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PERMAS-FS Fluid-Structure Acoustics

sloshing
Sloshing in liquid tanks during earthquake.

The PERMAS-FS (Fluid-Structure Acoustics) module allows for the calculation of acoustic modes, as well as eigenvalues of coupled fluid-structure systems and the computation of coupled or uncoupled response in the frequency or time domain. This computation is provided either directly or in modal coordinates.

The fluid may be compressible or incompressible. All fluid absorption or damping properties are also available for the uncoupled computation. The fluid damping may be frequency dependent.

A number of special features is provided to model boundary conditions:

  • Surface waves are modeled by specific elements.
  • Special coupling elements are provided at the boundary of the fluid to the structural model. These elements are also used to model surface absorption. In addition, another acoustic damping facility is available through volumetric dampers (like seats in a car).
  • Semi-infinite elements are provided to handle an infinite surrounding space.
  • Radiating boundary conditions (RBC) can be modeled using special element families, one following the theory of Bayliss-Turkel and another the theory of Engquist-Madya.
sound radiation
Sound radiation of en engine (sound pressure distribution).

For the coupling elements mentioned above the face normal has to be oriented from the fluid to the structure. This condition is checked automatically in order to avoid conflicts and sources of mistakes in the coupling of fluid and structure.

For the calculation of dynamic mode frequencies, a difference is made between the fully coupled modes and the structural modes modified by the additional fluid mass:

  • The calculation of real eigenvalues and mode shapes of the coupled structure is realized by a simultaneous vector iteration. The specification of a number of modes and an upper frequency limit is supported. The special formulation of the algorithm used is capable of solving very large eigenvalue problems in an efficient way.
  • The added mass problem can be solved with the standard structural eigenvalue solver where the mass of the fluid is taken into account to calculate the structural modes.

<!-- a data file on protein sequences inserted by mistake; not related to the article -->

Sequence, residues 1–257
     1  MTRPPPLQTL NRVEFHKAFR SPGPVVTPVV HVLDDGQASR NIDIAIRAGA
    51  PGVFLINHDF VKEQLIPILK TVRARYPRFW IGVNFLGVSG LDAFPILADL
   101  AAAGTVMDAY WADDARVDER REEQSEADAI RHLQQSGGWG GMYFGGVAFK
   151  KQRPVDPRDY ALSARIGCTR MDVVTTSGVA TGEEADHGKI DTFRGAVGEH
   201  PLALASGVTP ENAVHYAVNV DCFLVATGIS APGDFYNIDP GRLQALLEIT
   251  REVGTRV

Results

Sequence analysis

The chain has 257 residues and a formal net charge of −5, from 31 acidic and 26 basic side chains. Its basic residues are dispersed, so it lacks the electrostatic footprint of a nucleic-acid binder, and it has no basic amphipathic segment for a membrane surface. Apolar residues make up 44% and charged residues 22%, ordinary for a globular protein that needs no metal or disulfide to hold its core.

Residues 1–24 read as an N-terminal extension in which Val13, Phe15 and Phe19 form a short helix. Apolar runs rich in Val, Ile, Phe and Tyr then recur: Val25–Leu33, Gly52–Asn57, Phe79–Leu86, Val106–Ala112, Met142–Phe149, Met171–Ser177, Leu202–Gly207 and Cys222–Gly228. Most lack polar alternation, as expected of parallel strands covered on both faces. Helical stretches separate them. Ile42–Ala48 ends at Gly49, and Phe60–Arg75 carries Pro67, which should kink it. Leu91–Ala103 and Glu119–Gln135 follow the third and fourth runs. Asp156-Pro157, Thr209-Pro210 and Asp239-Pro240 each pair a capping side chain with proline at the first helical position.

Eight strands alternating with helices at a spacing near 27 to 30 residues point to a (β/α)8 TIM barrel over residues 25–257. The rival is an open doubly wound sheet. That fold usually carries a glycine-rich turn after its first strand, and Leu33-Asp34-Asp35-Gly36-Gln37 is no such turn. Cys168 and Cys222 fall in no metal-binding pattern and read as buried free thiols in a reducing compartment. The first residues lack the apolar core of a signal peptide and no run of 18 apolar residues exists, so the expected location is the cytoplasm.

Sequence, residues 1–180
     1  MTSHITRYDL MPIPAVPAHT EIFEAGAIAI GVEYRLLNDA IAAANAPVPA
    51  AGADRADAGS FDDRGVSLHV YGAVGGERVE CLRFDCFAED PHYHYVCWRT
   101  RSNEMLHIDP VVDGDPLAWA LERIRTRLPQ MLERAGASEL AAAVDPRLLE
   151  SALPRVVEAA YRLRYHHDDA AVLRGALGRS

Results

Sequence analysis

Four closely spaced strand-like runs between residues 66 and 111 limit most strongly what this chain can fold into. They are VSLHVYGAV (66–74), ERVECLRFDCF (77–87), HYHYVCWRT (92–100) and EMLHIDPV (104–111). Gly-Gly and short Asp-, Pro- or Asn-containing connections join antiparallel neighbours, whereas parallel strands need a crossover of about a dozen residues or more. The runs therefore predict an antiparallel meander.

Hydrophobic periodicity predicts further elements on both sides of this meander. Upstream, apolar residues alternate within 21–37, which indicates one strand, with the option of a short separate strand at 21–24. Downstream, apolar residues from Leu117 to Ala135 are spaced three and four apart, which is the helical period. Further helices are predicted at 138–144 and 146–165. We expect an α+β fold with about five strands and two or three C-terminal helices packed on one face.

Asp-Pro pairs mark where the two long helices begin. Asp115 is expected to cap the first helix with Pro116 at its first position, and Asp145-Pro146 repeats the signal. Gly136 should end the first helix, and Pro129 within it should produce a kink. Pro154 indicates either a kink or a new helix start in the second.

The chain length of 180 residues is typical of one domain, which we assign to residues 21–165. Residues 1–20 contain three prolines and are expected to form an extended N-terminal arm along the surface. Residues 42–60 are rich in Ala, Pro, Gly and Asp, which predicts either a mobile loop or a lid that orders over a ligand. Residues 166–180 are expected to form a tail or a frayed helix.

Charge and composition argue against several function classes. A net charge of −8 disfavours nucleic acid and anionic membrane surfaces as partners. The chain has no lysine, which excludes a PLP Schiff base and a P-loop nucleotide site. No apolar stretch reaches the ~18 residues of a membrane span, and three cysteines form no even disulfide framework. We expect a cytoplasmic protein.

The runtime for a coupled eigenvalue analysis in case of large models with a high number of modes can be drastically reduced by the MLDR method.

For the calculation of the dynamic response behavior, the following methods are available:

  • The response in the time domain (transient response) is determined by a modal solution of the equation of motion. Available solvers are Newmark β or HHT (Hilber-Hughes-Taylor)
  • The response in the frequency domain (frequency response) is determined by the modal or direct solution of the linear complex system of equations for each excitation frequency requested. In general, a fully populated equation system has to be solved. In modal space an iterative solver makes the analysis much faster.

By specification of a node and/or element set the run time for modal superposition methods can be drastically reduced when the results are only determined for the set members. The reduced response results in enormous disk space savings.

The following damping features are available:

  • For the structure:
    material or structural damping for elements, also frequency dependent, if required.
    -global structral damping
    -Rayleigh damping
  • For the fluid:
    - boundary absorption,
    - volumetric absorption (also frequency-dependent).
  • For the coupled system:
    modal viscous damping (coupled system).

The excitation is defined by static loading cases modulated by functions of frequency. The load definitions may consist of:

  • Structural loads as described for the DRA module
  • prescribed pressure.

The primary results are:

  • displacements,
  • pressure,
  • velocities, and
  • accelerations.

For the drawing of xy-plots, these data may be output as a function of time respectively frequency. Moreover, the following results may be derived:

  • reaction forces,
  • stresses and stress resultants,
  • strain energy,
  • kinetic energy,
  • specific sound radiation power density,
  • sound particle velocity.

For more information download the flyer below:

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